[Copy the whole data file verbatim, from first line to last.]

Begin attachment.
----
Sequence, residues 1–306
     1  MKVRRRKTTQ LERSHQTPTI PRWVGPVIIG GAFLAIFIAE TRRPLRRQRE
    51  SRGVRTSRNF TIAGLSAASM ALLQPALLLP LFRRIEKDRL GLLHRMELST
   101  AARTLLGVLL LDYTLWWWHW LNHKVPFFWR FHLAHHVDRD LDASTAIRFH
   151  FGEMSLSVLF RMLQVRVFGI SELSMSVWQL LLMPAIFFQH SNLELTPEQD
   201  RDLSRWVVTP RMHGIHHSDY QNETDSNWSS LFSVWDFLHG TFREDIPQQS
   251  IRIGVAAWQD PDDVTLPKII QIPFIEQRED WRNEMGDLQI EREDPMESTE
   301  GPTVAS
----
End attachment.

Sequence, residues 1–306
     1  MKVRRRKTTQ LERSHQTPTI PRWVGPVIIG GAFLAIFIAE TRRPLRRQRE
    51  SRGVRTSRNF TIAGLSAASM ALLQPALLLP LFRRIEKDRL GLLHRMELST
   101  AARTLLGVLL LDYTLWWWHW LNHKVPFFWR FHLAHHVDRD LDASTAIRFH
   151  FGEMSLSVLF RMLQVRVFGI SELSMSVWQL LLMPAIFFQH SNLELTPEQD
   201  RDLSRWVVTP RMHGIHHSDY QNETDSNWSS LFSVWDFLHG TFREDIPQQS
   251  IRIGVAAWQD PDDVTLPKII QIPFIEQRED WRNEMGDLQI EREDPMESTE
   301  GPTVAS